Q. I've configured my NOAAPORT ingestor to ingest GOES/GINI data in area format, but no areas are being created. The ingestor console is showing the error makgini: cannot make positive UC: could not create nnnn byte shared memory segment. What's wrong?

A. This usually indicates that your shared memory is not set up correctly. Verify that the line listed below is in the file /etc/system. If it isn't, add it, then reboot the system.

 set shmsys:shminfo_shmmax = 0x20000000

Q. Why does the message unable to write to utmpx appear when I stop my SDI ingestor?

A. Nothing is wrong. This message is normal when the ingestor shuts down.

Q. Can I feed two McIDAS-XCD servers off of one NOAAPORT SDI?

A. Yes. See Configuring Two McIDAS-XCD Workstations to Feed From a Remote SDI in Chapter 6, NOAAPORT Ingestor to find out how.

Q. I have two McIDAS-XCD servers set up to feed off of one NOAAPORT SDI, but only one server is getting data. What's wrong?

A. Each -XCD server must use its own pair of ports (1501 & 1502 or 1503 & 1504). For example, only one server will see the data if you are using port 1501 for one machine and 1502 for the other, or if you are using port 1501 for one machine and 1503 for the other but you don't set ports 1502 and 1504 to /dev/null using the Unix command cat. For more information, see Feeding off Multiple NCEP/NWSTG Data Streams in Chapter 6, NOAAPORT Ingestor.

Q. Can the GVAR SDI be configured to hold, for example, more CONUS images than SH images?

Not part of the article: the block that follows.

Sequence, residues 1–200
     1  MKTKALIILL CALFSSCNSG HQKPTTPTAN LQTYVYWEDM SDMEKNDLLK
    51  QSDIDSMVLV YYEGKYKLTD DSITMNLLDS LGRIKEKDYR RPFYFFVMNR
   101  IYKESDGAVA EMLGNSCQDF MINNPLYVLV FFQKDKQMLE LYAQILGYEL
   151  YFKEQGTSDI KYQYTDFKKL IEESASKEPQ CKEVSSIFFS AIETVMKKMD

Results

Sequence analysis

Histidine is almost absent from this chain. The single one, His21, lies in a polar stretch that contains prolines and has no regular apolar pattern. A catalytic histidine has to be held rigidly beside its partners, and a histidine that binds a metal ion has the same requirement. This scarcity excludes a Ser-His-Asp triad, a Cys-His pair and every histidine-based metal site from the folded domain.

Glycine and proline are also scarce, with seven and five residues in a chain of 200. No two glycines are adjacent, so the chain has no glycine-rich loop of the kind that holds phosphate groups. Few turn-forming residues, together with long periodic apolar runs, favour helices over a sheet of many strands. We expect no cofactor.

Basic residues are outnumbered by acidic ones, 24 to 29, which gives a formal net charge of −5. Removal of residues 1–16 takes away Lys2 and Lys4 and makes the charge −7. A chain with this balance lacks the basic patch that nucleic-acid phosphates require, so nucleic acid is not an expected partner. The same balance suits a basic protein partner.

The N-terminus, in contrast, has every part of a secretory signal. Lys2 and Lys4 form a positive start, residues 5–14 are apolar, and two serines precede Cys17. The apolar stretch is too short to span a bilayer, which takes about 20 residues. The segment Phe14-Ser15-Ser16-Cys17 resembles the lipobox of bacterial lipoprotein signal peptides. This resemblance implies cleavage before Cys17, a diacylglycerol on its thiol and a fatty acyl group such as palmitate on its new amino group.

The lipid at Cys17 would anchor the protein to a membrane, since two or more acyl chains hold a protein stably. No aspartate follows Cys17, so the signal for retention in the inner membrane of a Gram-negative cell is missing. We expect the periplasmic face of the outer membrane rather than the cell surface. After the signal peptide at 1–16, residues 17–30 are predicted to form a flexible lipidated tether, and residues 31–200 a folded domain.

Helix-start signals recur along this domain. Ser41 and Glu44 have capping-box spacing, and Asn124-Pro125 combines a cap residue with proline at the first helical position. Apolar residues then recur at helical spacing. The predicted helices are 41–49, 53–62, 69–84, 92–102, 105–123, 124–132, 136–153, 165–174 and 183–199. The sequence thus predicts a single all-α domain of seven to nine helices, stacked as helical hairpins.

A. No. It can't because the GVAR SDI retains data in the order it is received. We suggest writing images you want to keep to another local machine.

Q. We just installed our SDI, but upon startup, we get the message Open error on /dev/jmb no such device or address, and no data is ingested. Why?

A. This message indicates that the SDI board was not found by the ingestor. Reseat the board.

Q. What time zone should my SDI ingestor be set to?

A. The time zone setting does not matter to the SDI.

Q. Do you need a separate SDI machine for each NOAAPORT signal type (e.g., NWSTG channel and GOES channel)?

A. No. But you do need separate SDI cards. SSEC sells 2-card SDIs for ingesting the NCEP/NWSTG channel and one of the GOES channels.

Q. I do not want to file AREAs on my NOAAPORT-GOES SDI, but areas are filing. How do I shut off the AREA production?

A. Be sure that no files named /opt/nport/area.TIGnnn exist. If they do, delete or rename them all.

Q. How do I increase the number of GINI files being saved?

A. To lengthen the loop of GINI files being saved, add the file type and number of files to save to the file /opt/nport/retain.nport.

Q. How do I monitor my NOAAPORT text datastream?

A. See the examples in the Chapter 6, NOAAPORT Ingestor sections titled Feeding off the NCEP/NWSTG Data Stream Locally or Feeding off the NCEP/NWSTG Data Stream Remotely. Note that you should use the unused FIFOs or unused ports. For example, if FIFOs 1 and 2 and the corresponding ports 1501 and 1502 are being used by McIDAS-XCD, then FIFOs 4 and 5 and ports 1503 and 1504 are available for monitoring.